Subverting Democracy With the Big Lie

By Robert Scheer
Tuesday 12 September 2006

Bush was correct in saying Monday night that "Our nation is being tested in a way that we have not been since the start of the Cold War." Unfortunately, it's Bush's administration that is testing us - with its relentless incompetence, attacks on our civil liberties and inability to acknowledge the bankruptcy of its policies.

Soldiers Reveal Horror of Afghan Campaign

By Kim Sengupta
The Independent UK
Wednesday 13 September 2006

Soldiers deployed in Helmand province five years on from the US-led invasion, and six months after the deployment of a large British force, have told The Independent that the sheer ferocity of the fighting in the Sangin valley, and privations faced by the troops, are far worse than generally known.

"We are flattening places we have already flattened, but the attacks have kept coming. We have killed them by the dozens, but more keep coming, either locally or from across the border," one said. "We have used B1 bombers, Harriers, F16s and Mirage 2000s. We have dropped 500lb, 1,000lb and even 2,000lb bombs. At one point our Apaches [helicopter gunships] ran out of missiles they have fired so many. Almost any movement on the ground gets ambushed. We need an entire battle group to move things. Yet they will not give us the helicopters we have been asking for.

27 Die in Mass Iraqi Execution

United Press International
Friday 08 September 2006

Baghdad - Twenty-six men and one woman were hanged in Iraq's first mass execution since the overthrow of Saddam Hussein.

All the condemned had been convicted of terror and criminal charges, officials said. The executions were carried out at the Abu Ghraib prison where several gallows are erected, The Telegraph, a British newspaper, reported.

Meanwhile in Baghdad ...

By Dahr Jamail
t r u t h o u t | Perspective
Tuesday 12 September 2006

I've recently received several emails from Iraq. Some, like the first, have been sent to me from people I know. Others were passed on by my friend Gerri Haynes, who receives emails regularly from friends she made during her several trips to Iraq. I include them here, as the brunt of this piece, because they show the living hell that Iraq has become under US occupation.

Can Americans Trust the Government to Protect Them?

Published on Monday, September 11, 2006 by

Lessons from the World Trade Center Ground Zero and the Aftermath of Katrina
by Robert Bullard

In Post-Katrina America, the Federal Emergency Management Agency (FEMA) became a four-letter word for ineptness —fueling mistrust of government. Millions of Americans asked, “Can we trust the government to protect us?” This question is now directed at the federal Environmental Protection Agency (EPA) by thousands of first responders and volunteers who in September 2001 worked at “ground zero” at the World Trade Center in New York City. Cate Jenkins, a scientist for the EPA, says her agency lied about the WTC site when it claimed air at ground zero was safe to breathe in the weeks after the 9/11 attacks. EPA is accused of a cover-up.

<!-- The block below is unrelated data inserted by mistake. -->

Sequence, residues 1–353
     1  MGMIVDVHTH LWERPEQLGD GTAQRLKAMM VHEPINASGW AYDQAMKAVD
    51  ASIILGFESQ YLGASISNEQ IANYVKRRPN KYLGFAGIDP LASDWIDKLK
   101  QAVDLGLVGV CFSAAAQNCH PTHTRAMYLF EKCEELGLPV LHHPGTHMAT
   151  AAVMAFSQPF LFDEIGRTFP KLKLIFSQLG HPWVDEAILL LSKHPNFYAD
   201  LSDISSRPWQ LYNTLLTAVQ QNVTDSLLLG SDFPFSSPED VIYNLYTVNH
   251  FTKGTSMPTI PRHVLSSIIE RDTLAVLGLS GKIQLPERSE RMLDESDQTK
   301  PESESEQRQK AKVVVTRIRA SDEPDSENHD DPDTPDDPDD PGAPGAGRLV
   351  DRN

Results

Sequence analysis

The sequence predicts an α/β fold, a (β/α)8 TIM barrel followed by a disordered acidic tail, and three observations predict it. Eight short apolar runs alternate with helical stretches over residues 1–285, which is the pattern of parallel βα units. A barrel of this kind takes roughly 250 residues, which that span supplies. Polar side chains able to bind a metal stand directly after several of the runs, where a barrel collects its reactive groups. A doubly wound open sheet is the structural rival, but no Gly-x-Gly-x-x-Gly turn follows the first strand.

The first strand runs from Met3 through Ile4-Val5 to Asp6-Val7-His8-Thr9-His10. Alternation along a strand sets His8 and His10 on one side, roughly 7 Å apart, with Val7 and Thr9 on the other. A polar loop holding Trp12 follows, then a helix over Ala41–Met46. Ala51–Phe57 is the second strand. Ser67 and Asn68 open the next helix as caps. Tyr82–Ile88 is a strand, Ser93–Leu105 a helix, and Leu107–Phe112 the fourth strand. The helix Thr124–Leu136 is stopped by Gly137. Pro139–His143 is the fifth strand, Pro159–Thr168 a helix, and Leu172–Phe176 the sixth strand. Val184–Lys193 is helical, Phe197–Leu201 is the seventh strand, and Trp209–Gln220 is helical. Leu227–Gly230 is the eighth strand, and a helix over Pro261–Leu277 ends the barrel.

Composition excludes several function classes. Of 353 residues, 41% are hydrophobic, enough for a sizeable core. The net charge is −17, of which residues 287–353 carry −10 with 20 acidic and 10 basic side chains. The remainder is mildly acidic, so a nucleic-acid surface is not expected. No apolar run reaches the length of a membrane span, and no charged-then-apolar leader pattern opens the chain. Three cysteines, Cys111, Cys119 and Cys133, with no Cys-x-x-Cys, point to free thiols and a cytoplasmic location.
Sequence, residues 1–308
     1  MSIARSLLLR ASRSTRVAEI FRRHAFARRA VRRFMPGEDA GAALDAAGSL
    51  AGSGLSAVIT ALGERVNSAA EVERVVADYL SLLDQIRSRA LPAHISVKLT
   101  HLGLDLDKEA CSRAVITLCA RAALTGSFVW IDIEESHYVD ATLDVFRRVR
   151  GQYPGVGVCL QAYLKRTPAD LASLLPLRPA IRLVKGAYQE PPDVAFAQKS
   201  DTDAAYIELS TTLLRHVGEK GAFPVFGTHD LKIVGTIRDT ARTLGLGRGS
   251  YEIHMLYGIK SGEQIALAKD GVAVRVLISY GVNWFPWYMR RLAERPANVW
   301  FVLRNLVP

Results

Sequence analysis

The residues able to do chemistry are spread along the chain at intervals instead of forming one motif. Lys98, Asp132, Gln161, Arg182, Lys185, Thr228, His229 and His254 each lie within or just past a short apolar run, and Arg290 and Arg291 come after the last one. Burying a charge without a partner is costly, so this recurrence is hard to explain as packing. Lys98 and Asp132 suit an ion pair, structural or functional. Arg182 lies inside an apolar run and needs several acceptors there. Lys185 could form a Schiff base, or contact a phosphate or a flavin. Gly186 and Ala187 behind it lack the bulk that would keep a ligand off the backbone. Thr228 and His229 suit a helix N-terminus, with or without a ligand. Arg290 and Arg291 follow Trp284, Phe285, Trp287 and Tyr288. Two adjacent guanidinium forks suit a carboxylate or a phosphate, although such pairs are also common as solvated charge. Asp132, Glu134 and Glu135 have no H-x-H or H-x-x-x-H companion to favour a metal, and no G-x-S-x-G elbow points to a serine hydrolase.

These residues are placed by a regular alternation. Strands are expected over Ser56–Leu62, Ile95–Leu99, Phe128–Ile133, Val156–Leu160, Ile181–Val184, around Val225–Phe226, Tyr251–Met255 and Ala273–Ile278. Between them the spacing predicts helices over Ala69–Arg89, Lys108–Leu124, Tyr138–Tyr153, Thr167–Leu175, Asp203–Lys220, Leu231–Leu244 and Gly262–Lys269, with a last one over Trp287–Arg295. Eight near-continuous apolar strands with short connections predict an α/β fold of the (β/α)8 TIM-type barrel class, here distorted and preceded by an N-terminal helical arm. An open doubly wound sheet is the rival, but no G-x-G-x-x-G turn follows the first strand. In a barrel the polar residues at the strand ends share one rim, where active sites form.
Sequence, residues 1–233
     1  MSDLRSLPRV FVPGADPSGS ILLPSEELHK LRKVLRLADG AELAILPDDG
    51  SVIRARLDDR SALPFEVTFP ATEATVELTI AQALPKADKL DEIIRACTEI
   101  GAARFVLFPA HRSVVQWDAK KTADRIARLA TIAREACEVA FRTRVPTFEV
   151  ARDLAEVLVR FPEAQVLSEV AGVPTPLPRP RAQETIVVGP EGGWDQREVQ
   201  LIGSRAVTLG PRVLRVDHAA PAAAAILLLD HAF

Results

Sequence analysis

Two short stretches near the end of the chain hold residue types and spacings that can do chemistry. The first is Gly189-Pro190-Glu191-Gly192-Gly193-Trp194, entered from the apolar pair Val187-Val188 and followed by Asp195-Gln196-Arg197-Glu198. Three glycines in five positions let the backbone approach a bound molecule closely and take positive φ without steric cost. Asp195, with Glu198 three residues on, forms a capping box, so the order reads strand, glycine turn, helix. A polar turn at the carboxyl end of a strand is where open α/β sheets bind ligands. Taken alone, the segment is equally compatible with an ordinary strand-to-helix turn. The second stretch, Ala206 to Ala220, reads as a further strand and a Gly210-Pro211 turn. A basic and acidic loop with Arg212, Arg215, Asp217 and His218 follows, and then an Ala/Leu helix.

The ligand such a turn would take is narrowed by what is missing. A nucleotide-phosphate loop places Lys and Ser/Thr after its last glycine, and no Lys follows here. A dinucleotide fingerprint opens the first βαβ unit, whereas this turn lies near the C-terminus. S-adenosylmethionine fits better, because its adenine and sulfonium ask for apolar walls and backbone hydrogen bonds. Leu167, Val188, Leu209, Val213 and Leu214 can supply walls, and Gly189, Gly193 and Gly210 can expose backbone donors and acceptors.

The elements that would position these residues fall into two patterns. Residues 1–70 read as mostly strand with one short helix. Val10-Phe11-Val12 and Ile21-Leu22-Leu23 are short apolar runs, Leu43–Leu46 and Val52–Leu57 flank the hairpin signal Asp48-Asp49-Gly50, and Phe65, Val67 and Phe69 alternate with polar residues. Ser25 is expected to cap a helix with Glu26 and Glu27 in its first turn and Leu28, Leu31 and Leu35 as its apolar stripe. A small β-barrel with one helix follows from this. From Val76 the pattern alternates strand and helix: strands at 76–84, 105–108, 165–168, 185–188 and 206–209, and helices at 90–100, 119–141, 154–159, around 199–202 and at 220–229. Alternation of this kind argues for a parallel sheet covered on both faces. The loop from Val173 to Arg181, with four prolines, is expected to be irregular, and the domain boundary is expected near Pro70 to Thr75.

On the Fifth Anniversary of 9/11, thousands of workers are sick and several have already died from what doctors believe are the effects of breathing the air at ground zero. Just this past week, Mount Sinai Medical Center released findings from the World Trade Center Worker and Volunteer Medical Screening Program, the largest multi-center clinical program providing medical screening examinations for the workers and volunteers who worked at Ground Zero and other sites following the attack on the World Trade Center on September 11. Specific findings included:

The Day That Changed Everything Wasn't 9/11

By Ira Chernus
Sunday 10 September 2006

Yes, it changed everything - not September 11, 2001, when the Twin Towers collapsed, but November 9, 1989, when the Berlin Wall fell and left the U.S. at sea, drifting without an enemy in a strange new world.

Through four decades of the Cold War, Americans had been able to feel reasonably united in their determination to fight evil. And everyone, even children, knew the name of the evildoers: "the commies." Within two years after the Wall fell, the Soviet Union had simply disappeared. In the U.S., nobody really knew how to fight evil now, or even who the evildoers were. The world's sole remaining superpower was "running out of demons," as Colin Powell complained.

Iraq and 9/11: The Truth Is Out

By Jason Leopold
t r u t h o u t | Report
Monday 11 September 2006

Two weeks before 9/11, national security wasn't even a top priority for the Bush administration. Job security and health security were the top two major issues Bush planned to deal with in the fall of 2001, according to a transcript of a speech Bush gave on August 31, 2001, to celebrate the launch of the White House's new web site.

General: Rumsfeld Killed Plans for Post War Iraq

"He Would Fire the Next Person That Said That"
By Kevin Drum
The Washington Monthly
Friday 08 September 2006

Today, via Orin Kerr, comes a remarkable interview with Brigadier General Mark Scheid, chief of the Logistics War Plans Division after 9/11, and one of the people with primary responsibility for war planning. Shortly after the invasion of Afghanistan, he says, Donald Rumsfeld told his team to start planning for war in Iraq, but not to bother planning for a long stay: